Lord, this time I'll make it right, here at the altar I lay my lifeIt is at this point that I tend to get a little carried away. Kyle has had to break in more than once--loudly--to be heard over my own singing and the music in my ears I'm jamming to, "Mommy stop singing that song!!!"
Your kingdom come but my will was done, my heart is broken as I...
Cry-ai-y . . . . like so many times before
Mark Hall explains the genesis of this project on their official site: “When we’re at the altar, everything makes sense,. We know what we’re supposed to do. We know how we’re supposed to live. Everything’s black and white. But somewhere between the altar and the door, when we leave and go out into our lives, it all leaks out, and everything gets gray again. The Christian life is the journey between the altar and door, trying to get the things you’ve got in your head, into your hands, feet, into your life. The Altar and The Door is all about the journey--the realization on the journey, the struggles and the victory of seeing it as possible.”
Yesterday as I picked up Kyle from preschool, I had to listen to some feedback from his teacher concerning his journey. He is not listening to his teachers, not following directions, and not even striving to do so. It was a little bit discouraging, but a friend of mine wisely reminded me that there is probably nothing new under the sun for these women who have been running this preschool for ten years.
An hour later I had my fall conference scheduled with Amanda's teacher. Honestly, I wasn't quite sure how it was going to go. I had received her report card on Friday and was pleased with how she was doing. When I sat down her teacher asked me if there were any surprises there. I told her that it all seemed to be accurate. Amanda had joined us and her teacher asked her opinion about her marks for that period. Amanda said that she was surprised she didn't do worse in math. "In math?" her teacher asked. "What do you mean? You're brilliant, don't you know that?" Amanda hesitated and was a little embarrassed. She's always been good at math, but because of our failure to really commit those multiplication facts to memory, she's beginning to feel a disconnect in applying what she knows. So we're committed to get that right.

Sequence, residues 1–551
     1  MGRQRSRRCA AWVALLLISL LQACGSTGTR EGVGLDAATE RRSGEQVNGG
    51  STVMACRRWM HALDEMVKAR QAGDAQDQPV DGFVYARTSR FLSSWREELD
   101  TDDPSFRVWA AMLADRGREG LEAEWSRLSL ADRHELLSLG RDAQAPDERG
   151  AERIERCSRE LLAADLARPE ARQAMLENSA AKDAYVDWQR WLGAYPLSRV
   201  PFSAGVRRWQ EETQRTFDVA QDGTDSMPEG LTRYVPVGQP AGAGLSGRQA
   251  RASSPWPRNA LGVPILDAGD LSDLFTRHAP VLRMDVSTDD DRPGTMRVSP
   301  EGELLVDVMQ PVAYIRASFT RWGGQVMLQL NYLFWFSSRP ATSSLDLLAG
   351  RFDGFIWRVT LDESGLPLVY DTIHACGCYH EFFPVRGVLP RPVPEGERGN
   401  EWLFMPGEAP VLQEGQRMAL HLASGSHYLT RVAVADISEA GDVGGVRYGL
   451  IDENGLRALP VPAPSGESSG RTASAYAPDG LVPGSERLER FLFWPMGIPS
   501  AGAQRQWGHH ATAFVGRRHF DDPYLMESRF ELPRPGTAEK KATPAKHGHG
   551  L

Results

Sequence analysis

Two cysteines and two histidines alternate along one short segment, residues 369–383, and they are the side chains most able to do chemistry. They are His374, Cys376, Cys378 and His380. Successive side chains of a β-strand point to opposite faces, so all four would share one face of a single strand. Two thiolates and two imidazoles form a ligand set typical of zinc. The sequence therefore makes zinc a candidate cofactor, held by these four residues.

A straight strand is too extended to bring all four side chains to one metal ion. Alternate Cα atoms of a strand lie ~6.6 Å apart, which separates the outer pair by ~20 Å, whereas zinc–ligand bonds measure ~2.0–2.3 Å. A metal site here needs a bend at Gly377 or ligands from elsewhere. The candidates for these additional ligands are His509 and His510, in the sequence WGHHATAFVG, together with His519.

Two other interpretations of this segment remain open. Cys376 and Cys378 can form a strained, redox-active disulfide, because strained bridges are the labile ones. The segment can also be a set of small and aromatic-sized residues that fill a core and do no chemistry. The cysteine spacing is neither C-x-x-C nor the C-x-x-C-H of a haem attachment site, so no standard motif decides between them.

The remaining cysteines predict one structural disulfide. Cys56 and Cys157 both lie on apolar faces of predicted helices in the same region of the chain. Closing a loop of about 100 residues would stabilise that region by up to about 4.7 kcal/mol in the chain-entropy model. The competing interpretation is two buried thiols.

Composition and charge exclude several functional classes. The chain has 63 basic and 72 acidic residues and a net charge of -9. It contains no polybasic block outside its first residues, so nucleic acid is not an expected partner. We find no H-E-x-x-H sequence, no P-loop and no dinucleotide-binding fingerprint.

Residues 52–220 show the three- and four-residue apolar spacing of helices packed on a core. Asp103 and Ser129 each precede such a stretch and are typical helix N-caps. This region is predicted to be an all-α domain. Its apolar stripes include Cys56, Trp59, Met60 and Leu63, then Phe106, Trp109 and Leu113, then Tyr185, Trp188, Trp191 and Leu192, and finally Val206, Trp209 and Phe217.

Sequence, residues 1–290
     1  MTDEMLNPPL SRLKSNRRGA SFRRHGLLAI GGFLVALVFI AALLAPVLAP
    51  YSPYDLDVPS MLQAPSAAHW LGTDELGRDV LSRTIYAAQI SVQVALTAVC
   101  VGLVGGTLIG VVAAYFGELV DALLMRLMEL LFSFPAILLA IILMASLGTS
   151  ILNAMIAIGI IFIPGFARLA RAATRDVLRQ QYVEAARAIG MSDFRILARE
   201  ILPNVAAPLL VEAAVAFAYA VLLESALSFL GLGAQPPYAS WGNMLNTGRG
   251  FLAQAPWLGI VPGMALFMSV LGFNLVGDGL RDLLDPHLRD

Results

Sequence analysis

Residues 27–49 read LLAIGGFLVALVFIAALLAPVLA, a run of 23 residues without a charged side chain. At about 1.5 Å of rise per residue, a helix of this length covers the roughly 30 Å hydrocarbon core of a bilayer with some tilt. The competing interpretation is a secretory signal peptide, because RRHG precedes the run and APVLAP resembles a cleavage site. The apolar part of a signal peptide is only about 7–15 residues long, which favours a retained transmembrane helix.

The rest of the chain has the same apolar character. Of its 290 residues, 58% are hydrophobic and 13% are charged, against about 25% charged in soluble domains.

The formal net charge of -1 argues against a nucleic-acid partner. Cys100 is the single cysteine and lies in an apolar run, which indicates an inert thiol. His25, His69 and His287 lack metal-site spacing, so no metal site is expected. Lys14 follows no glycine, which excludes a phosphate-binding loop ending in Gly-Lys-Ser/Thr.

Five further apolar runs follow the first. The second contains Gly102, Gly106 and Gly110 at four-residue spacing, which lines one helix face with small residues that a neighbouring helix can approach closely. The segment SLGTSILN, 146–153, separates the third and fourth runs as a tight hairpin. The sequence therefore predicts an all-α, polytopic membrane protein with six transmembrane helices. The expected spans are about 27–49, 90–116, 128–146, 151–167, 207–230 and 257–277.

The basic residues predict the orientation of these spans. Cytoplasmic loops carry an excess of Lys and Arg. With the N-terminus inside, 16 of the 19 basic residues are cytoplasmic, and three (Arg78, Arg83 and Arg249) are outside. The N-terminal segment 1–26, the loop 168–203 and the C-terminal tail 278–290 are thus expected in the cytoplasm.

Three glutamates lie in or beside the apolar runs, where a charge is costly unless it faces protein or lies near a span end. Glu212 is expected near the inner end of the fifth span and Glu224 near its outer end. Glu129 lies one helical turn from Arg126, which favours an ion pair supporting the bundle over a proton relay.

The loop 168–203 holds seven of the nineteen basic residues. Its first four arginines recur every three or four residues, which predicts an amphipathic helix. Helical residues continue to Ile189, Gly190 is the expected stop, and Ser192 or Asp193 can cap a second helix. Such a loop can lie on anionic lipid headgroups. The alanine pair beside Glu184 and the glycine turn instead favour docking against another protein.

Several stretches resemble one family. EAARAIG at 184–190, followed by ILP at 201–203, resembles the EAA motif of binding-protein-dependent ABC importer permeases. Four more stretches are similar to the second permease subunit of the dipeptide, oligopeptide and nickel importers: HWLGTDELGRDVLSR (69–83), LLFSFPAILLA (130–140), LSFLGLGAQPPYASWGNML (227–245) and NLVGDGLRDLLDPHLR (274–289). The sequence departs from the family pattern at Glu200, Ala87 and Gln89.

The second issue that has been ongoing in Amanda's school career is her (in)ability to control her talking. This manifests in social talking when she's supposed to be working (I don't know where she gets this problem), and it also emerges as an overly excited learning participant who shouts out answers and wants to interact with the teacher in what is supposed to be an instructive segment of class. The first week or two she struggled and her teacher asked her if she thought she needed have a behavior chart (as she has had to do at some point in each of the last three years in school). Amanda told her that she wanted to try to do it on her own. Her teacher told both of us that she has been pleased at Amanda's effort.
Just like me singing at the top of my lungs to somehow force the words of the song into my heart and life, hearing those words from her teacher was such an encouragement to Amanda that victory is possible. I'm proud that she's been able to take the desire of her heart--to be more self-controlled--and put it into practice.
Somehow we need to convince Kyle that he does have the desire to listen and obey and that it will be beneficial to do so. So I'll be reminding him that he needs to listen, and if he doesn't bow at the altar of obedience, his teachers might be showing him the door.